Tuesday, October 31, 2006

Halloween, and music in games

So Halloween is come again, bring with it many things, chocolate, pumpkins and all that. Unfortunately I have a mild case of food poisoning, so I can't indulge in all that :(

It also means a yearly surge of traffic for one of my older flash game, Graverobber. I did this back in 2002 and it was one of my first attempts at flash programming, being an alteration of another game for which I had only done the artwork for. It's showing it's age and the highscore table broke when my hosting provided upgraded my database, something I haven't gotten around to fixing yet. Despite this it still has a real attraction, and my stats have already shown a jump in the number of people viewing it over the past few days as it get linked for it's Halloween theme.

The gameplay is fairly sluggish and the art isn't my best work. What make the game in my opinion is the music, which is a loop of 'Monster Mash' by 'Boris' Pickett and the Crypt-kickers. It's a loop I shamelessly stole, which has meant I haven't been able to try to market the game and make any money off of it myself, and it makes the game far more fun than it would otherwise be. You can see the same effect with another of my games, Sperms which is really jus t a one-liner with the music as it's pivot.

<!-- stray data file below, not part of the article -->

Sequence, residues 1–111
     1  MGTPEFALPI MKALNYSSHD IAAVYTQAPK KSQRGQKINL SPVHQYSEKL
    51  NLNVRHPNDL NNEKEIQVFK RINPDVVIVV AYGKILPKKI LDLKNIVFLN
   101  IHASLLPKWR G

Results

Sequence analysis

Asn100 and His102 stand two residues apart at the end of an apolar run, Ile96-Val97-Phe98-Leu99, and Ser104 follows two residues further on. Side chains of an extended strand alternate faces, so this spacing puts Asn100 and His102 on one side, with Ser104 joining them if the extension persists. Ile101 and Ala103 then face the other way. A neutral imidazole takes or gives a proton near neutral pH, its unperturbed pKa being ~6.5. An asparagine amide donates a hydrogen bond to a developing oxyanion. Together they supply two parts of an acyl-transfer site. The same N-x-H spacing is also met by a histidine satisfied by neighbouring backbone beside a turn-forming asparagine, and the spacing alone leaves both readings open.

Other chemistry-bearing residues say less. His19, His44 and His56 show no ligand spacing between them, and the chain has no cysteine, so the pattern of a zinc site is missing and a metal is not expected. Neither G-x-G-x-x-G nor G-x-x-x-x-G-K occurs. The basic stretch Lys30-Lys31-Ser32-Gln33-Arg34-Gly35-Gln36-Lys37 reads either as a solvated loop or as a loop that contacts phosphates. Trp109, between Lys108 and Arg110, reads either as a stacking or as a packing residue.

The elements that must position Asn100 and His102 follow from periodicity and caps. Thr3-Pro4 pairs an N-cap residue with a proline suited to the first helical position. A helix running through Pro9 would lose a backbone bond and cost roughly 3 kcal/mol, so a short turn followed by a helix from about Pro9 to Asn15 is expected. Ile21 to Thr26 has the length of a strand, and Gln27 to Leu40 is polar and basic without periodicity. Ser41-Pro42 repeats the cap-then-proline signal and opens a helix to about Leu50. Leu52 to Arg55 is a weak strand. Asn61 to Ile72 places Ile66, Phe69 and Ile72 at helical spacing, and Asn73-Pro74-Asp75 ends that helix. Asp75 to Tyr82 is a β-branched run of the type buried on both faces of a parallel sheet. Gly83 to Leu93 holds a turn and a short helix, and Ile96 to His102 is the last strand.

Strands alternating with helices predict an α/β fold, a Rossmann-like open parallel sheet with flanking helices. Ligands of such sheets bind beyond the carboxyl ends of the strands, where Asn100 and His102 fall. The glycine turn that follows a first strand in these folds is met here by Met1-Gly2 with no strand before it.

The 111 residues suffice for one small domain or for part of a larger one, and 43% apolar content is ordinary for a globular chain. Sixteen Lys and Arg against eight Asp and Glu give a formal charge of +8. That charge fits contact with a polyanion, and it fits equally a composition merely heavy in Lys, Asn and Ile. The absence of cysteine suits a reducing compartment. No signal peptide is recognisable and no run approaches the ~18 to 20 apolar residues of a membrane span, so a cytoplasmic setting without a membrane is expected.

The throwaway nature of flash games means that a good/catchy soundtrack can easily make or break a game. (Indeed, a bad or obnoxious soundtrack combined with the absence of a mute button will have people closing the game quicker than nearly anything else, and for the last few years I've made sure that there is a sound toggle on every single game I produce.) You only need one aspect of the game to appeal to people for it so be successful, be that the main character or the gameplay or the sound. To be playable a game needs coding and artwork, but the sound is an extra. Because of this it is often left till last, but it shouldn't be.

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